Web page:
If Brad Barritt is frustrated by his lack of recognition as the most influential member of England's midfield, he refuses to acknowledge it.
When Manu Tuilagi was passed fit for the RBS 6 Nations victory over Ireland, the consensus was that Barritt would be demoted to accommodate the Leicester Tiger and Billy Twelvetrees. To England's coaching team, however, the South African-born 26-year-old's organisation, defence and leadership skills are viewed as indispensable, resulting in Tuilagi's selection on the bench.
And the Saracens centre said: "No, not at all was I irritated when people said Manu and Billy should play. As a player, especially playing for England, there's always the pressure to get in the side and that's never changed. It's a huge honour to play for England. As long as I'm involved I'm a very happy man."
He added: "Each week you build the respect of the players around you and grow into the role in the team. You always want to play a key role in the side. I like to think of myself as someone who is very adaptable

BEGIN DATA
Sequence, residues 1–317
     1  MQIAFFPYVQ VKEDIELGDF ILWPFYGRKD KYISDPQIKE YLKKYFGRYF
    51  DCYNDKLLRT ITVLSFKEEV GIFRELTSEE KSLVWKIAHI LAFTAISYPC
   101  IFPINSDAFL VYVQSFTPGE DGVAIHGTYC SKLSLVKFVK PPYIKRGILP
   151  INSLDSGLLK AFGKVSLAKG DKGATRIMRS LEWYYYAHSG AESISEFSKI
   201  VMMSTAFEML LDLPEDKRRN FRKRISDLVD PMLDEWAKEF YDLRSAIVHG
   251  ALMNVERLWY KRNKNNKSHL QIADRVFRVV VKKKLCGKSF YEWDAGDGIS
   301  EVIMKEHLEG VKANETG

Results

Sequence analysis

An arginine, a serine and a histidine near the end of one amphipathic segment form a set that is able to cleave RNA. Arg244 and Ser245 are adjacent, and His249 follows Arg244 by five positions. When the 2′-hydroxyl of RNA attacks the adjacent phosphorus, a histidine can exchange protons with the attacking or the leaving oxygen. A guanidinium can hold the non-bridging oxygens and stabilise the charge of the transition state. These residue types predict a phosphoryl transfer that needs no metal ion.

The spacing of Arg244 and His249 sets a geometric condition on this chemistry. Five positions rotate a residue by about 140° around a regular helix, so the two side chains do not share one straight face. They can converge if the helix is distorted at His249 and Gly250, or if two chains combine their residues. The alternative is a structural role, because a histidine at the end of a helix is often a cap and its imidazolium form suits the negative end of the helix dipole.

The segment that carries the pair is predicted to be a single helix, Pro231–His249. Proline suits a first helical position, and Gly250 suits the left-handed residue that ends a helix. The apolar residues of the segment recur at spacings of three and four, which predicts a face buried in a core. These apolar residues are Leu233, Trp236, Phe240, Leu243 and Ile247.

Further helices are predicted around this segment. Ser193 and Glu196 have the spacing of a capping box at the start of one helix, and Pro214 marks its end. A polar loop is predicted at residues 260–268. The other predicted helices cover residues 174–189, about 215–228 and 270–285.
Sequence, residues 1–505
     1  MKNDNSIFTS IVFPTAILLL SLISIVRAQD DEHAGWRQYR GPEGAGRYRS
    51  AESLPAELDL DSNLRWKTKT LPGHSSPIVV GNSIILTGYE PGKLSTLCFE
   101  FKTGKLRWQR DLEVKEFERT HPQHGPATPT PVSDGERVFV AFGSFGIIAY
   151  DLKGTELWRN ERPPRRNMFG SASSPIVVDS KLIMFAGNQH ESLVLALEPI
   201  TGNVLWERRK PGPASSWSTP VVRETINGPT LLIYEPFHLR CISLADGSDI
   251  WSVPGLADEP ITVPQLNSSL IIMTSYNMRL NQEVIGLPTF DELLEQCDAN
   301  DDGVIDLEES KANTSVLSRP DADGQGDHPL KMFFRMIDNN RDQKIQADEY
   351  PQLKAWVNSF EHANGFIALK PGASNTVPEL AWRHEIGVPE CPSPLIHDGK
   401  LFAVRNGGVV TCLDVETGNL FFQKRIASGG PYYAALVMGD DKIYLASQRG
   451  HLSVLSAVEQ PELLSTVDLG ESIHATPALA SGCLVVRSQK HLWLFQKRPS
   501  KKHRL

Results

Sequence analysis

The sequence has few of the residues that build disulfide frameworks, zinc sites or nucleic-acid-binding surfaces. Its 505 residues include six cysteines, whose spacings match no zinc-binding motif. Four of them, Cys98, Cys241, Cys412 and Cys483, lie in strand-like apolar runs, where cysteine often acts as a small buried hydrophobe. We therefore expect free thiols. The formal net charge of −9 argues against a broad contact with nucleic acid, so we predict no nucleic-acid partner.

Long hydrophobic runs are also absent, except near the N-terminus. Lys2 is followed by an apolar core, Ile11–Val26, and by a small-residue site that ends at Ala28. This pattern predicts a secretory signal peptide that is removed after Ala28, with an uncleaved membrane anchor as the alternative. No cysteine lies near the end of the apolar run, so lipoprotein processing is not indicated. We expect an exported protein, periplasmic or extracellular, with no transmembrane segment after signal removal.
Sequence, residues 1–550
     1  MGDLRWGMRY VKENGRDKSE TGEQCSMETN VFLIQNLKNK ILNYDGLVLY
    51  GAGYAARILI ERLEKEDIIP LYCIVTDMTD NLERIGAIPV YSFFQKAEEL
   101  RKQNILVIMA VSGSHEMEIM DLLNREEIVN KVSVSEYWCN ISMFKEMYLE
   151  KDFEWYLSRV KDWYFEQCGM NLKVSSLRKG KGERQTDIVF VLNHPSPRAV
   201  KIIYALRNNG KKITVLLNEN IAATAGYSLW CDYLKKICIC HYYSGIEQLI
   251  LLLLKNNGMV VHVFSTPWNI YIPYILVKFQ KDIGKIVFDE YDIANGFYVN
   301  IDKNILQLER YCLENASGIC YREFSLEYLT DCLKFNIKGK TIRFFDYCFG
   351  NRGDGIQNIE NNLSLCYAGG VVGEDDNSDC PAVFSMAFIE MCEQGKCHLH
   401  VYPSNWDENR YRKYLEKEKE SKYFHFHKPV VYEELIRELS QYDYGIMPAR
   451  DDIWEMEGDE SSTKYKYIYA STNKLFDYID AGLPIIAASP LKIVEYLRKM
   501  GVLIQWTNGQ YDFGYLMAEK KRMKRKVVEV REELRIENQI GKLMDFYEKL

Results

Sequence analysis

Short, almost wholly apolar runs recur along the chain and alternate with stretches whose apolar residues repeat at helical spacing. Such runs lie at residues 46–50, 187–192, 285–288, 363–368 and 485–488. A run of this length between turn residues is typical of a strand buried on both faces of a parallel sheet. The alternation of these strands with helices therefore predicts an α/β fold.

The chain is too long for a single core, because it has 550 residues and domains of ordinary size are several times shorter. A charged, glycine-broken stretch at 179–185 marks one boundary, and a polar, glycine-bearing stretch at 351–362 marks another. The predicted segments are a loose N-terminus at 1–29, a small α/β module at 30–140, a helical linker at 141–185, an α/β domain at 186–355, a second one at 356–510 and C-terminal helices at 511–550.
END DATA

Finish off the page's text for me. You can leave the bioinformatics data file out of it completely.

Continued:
"When we have that attacking element I can play a big role in the team's attacking game, but also be a calm voice and take a lead in defence when matches are tight. I like to see myself as being adaptable to what the game is."
Victories over Scotland and Ireland has placed England at the summit of the Six Nations table as the only team capable of winning the Grand Slam, a prize they last claimed in 2003.
Adding to their commanding position in the championship is their ability to vary their game with the four tries scored against the Scots contrasting with the hard-nosed approach taken in Dublin.
Ireland were more experienced and expected to be wiser in the conditions, but it was Stuart Lancaster's side that showed encouraging maturity and composure to triumph on an afternoon when it was better not to have the ball.
"The level of execution needed to produce a performance like that in tough conditions underpins everything we've been doing as a team and shows how far we've come," Barritt said.
"The composure was a key element that we spoke about before the game. We knew the Irish would be buoyant with the home crowd behind them and that our composure and discipline would keep us in it."